Canada’s most famous shipwrecks

What do you get when you have a nation that stretches from coast to coast to coast? The perfect recipe for shipwrecks. After all Canada’s waters are home to more than a hundred. Of course some shipwrecks are more well-known than others. In case you ever wondered what they are and where they lie, here are eight of the country’s most famous.


If you’ve done anything touristy in Tobermory, Ontario, then you’ve likely seen Sweepstakes. Lying at the bottom of Big Tub Harbour in no more than 7 metres of water, Sweepstakes can actually be seen from the shore. Built in 1867, the 119-foot schooner was used to transport coal until it was damaged off of Cove Island. The boat was towed to Big Tub where it sank in 1885 while awaiting repair.

S.S. Edmund Fitzgerald

Immortalized by the Gordon Lightfoot song The Wreck of the Edmund Fitzgerald, this Great Lakes Freighter sank on November 10, 1975, killing the entire 29-person crew. Succumbing to a winter storm, the boat sank to 160 metres deep, about 17 kilometres from Sault Sainte Marie. Though the cause of the wreck has never been determined, many theories persist, which include rogue waves and structural failure. What we do know is that the S.S. Edmund Fitzgerald is still in two pieces at the bottom of Lake Superior.

HMS Erebus and HMS Terror

The infamous Franklin Expedition that was held to discover the Northwest Passage led to more than one shipwreck. The two ships involved (the HMS Erebus and HMS Terror) were abandoned by their crews when they became ice bound in 1845. Following this event, the entire crew got lost and recent anthropological studies concluded that the men died of pneumonia, tuberculosis, and lead poisoning from badly soldered tin cans. Parks Canada has since organized five expeditions to look for the wrecks, but nothing has been found. The two ships are designated by Parks Canada as a national historic site, making them the only non-discovered national historic site in the country.

HMS Investigator

An indirect casualty of the Franklin Expedition, the Investigator was sent to search for Sir John Franklin and his men in 1848. The boat made two voyages to the Arctic but it was abandoned in 1853 after becoming trapped in the ice. In July 2010 Parks Canada discovered the wreck buried in silt, 150 metres off of the north shore of Banks Island.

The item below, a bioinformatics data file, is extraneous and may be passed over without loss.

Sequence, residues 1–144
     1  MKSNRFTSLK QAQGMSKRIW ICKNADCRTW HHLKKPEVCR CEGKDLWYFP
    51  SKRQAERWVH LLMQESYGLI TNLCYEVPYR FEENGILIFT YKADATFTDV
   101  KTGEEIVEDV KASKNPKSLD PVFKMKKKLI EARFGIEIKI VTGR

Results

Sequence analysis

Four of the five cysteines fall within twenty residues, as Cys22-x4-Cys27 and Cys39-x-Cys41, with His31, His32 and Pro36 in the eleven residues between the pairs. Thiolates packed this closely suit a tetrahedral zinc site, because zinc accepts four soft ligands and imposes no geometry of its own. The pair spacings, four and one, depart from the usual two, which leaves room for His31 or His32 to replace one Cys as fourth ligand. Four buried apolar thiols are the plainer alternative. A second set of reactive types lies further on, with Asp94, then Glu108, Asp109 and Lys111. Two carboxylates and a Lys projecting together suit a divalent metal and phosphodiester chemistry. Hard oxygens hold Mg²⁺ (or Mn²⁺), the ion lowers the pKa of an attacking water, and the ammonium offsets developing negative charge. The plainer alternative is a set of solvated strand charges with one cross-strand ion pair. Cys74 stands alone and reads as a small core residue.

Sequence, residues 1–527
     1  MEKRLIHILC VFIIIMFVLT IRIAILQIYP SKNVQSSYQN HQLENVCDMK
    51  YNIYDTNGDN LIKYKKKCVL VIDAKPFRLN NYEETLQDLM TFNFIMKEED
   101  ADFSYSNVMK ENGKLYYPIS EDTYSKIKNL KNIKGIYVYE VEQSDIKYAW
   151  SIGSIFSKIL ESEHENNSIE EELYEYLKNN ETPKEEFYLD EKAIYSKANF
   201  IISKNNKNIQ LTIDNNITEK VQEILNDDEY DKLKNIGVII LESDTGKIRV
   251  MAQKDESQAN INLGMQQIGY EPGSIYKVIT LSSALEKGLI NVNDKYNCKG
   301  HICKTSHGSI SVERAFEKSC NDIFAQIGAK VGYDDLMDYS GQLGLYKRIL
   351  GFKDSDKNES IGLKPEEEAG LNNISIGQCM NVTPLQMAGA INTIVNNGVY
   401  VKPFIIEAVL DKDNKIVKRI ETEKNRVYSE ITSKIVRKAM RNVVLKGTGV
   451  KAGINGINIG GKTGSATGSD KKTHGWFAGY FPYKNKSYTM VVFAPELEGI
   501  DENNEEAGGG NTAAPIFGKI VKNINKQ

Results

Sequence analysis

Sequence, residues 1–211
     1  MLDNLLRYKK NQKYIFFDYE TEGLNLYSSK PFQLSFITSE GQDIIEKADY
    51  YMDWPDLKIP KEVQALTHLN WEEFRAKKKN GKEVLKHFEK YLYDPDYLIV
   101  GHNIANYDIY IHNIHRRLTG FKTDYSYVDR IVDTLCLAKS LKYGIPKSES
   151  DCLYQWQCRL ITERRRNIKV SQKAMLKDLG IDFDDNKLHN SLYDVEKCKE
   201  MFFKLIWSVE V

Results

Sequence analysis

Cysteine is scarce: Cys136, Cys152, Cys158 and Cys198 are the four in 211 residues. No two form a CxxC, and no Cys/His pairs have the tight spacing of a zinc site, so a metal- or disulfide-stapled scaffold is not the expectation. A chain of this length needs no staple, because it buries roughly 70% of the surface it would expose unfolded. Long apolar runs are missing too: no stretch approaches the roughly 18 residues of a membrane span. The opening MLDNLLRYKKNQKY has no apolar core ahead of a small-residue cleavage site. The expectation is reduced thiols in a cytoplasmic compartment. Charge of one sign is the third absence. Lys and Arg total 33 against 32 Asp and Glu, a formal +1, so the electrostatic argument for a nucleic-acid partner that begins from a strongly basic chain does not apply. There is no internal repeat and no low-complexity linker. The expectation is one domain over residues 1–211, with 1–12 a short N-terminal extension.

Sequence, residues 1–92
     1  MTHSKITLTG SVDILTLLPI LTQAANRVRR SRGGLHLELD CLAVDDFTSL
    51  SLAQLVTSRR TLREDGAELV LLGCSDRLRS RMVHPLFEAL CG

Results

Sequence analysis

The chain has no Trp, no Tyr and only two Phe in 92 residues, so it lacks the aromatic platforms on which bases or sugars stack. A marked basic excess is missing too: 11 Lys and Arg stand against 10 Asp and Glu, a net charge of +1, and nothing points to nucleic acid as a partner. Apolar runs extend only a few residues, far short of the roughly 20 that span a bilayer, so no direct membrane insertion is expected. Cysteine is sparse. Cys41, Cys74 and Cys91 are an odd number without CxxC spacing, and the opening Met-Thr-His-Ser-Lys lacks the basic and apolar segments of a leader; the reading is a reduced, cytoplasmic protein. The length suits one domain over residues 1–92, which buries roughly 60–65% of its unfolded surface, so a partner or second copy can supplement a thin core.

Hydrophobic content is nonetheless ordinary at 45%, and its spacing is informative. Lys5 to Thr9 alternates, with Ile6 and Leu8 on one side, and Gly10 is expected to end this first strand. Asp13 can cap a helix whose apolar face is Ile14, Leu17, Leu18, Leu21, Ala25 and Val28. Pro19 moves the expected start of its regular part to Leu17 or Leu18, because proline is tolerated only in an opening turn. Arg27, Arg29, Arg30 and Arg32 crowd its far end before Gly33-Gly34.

Perhaps the most famous of all shipwrecks, the Titanic’s bow can be found just off the Grand Banks of Newfoundland, technically putting the wreck in Canadian waters. The boat sunk in the North Atlantic on April 15, 1912, and if you don’t know anything else about the Titanic, well, there was a little movie made about it in 1997 as well.

RMS Empress of Ireland

This ocean liner sank in the Saint Lawrence River in 1914 after colliding with a Norwegian Collier. The ship sank in 14 minutes and claimed the lives of more than a thousand people. Over the years many salvage divers have visited the wreck, retrieving everything from mail to a brass bell. In 1999 the wreck was added to Canada’s list of historic sites to prevent treasure hunters from continuing to pillage the site.

The Robert Kerr 

In 1911 this 190-foot barque was running behind a towboat when it struck a reef just north of Thetis Island in British Columbia. Once the coal was removed the ship was abandoned. It became known as “the ship that saved Vancouver” when a fire destroyed much of the city in 1886 and residents boarded the vessel to escape the fire. The Robert Kerr now rests off the city’s coast in 15 metres of water and is a popular dive site.